An Air Force satellite used for highly protected communications has survived 39 days of extreme temperatures, keeping it on track for a 2019 launch.

That news come from Lockheed Martin, the prime contractor on the Air Force’s $15 billion Advanced Extremely High Frequency program.

The fifth satellite in the current generation, known as AEHF-5, passed Thermal Vacuum Chamber (TVAC) testing, used to recreate the conditions the satellite will operate under in space. The satellite also completed acoustic testing that simulates the vibrations caused by high intensity, low frequency sound waves experienced during rocket propulsion.

“TVAC and acoustic tests are critical milestones in the production cycle of a satellite, where we have one shot to get it right, so we take every precaution to ensure the vehicle is ready for the harsh space environment,” said Michael Cacheiro, Lockheed’s vice president for protected communications said in a May 21 statement. “The team and the satellite performed flawlessly, and AEHF-5 is now in system level testing.”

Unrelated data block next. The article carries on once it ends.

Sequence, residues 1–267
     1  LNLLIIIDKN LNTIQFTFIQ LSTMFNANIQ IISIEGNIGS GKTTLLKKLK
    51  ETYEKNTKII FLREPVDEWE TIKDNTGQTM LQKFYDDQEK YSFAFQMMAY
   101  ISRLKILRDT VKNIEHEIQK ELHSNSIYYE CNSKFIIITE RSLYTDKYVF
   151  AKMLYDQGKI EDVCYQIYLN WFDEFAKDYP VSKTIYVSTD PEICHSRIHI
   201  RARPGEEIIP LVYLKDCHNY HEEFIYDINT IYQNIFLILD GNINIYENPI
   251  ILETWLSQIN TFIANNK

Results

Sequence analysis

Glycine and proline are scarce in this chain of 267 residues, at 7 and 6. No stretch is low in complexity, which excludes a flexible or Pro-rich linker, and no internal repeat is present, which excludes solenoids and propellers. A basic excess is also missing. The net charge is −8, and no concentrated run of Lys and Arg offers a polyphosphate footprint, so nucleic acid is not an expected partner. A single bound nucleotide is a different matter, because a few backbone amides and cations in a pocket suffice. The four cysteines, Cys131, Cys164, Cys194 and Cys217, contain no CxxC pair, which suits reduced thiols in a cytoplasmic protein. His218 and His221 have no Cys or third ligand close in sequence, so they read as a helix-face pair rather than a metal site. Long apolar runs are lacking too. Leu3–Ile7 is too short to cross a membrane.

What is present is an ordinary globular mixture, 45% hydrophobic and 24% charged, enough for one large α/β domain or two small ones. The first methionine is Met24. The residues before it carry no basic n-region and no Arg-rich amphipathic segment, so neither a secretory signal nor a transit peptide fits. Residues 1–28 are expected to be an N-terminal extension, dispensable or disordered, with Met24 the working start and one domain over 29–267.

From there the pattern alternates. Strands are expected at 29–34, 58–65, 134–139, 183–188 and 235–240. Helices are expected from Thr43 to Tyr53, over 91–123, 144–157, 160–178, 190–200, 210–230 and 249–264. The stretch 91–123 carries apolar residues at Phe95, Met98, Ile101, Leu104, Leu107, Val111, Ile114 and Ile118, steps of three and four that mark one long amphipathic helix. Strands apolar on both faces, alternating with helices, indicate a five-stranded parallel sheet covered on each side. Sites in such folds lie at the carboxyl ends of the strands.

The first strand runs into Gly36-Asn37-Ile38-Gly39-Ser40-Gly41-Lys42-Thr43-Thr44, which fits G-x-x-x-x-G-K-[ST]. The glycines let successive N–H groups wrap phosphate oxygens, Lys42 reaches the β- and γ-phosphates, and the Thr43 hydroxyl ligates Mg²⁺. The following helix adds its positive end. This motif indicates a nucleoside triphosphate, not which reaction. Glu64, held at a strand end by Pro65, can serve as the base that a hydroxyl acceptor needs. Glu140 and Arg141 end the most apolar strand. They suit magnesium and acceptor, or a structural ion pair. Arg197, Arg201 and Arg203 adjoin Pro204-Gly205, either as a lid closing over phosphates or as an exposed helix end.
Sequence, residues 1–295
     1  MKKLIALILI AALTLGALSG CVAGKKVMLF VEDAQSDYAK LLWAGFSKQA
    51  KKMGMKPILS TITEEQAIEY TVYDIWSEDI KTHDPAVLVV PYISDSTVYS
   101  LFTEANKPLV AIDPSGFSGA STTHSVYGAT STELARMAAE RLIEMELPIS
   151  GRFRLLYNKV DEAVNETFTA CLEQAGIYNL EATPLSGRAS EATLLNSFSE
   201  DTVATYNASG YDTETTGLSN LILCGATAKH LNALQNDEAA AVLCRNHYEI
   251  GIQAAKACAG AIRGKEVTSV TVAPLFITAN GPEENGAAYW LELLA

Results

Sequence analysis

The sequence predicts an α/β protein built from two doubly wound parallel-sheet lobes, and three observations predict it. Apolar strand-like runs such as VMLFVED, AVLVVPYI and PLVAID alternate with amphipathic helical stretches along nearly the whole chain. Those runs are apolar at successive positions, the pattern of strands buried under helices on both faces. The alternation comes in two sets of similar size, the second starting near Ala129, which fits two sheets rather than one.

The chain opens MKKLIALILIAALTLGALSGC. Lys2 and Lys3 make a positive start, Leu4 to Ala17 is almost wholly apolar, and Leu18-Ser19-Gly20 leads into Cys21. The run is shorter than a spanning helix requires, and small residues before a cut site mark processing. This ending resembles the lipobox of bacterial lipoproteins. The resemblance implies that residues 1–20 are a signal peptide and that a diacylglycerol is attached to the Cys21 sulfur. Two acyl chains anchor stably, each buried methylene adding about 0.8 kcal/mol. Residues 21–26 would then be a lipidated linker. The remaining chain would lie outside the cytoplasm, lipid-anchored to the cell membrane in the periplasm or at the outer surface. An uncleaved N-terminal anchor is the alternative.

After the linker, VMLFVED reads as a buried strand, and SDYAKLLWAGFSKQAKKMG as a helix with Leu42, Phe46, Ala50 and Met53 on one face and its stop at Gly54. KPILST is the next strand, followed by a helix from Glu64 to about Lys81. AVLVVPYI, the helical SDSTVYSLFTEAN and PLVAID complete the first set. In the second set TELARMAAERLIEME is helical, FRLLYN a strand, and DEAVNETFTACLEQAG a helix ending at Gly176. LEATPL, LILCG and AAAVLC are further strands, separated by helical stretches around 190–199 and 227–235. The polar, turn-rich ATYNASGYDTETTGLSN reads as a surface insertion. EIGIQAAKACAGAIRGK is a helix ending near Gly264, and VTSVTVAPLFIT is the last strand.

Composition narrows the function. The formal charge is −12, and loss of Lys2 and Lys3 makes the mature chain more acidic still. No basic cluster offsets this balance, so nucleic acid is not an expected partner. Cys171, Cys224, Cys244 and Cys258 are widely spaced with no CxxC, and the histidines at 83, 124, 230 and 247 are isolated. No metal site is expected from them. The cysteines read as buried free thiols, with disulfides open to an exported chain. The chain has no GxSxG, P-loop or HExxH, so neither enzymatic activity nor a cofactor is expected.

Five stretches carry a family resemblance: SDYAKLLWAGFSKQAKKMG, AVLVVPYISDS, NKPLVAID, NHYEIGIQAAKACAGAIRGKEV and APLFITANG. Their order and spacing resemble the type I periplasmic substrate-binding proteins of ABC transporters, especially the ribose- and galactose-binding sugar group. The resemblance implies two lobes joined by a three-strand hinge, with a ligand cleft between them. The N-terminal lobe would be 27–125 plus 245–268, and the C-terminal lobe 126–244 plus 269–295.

AEHF satellites are critical to the United States and its international allies, such as Canada and the United Kingdom. The jam-resistant system provides global, survivable and protected communication between strategic commanders and tactical warfighters operating in all domains.

Lockheed Martin is currently under contract to deliver six AEHF satellites. AEHF-4 is set to launch on a United Launch Alliance Atlas V from Cape Canaveral later this year.

AEHF-4 will complete the minimum constellation of satellites needed to bring global Extended Data Rate (XDR) connectivity online. According to Cachiero, XDR provides roughly 10 times more communications throughput than the Air Force’s legacy satellite systems.

Daniel Cebul is an editorial fellow and general assignments writer for Defense News, C4ISRNET, Fifth Domain and Federal Times.

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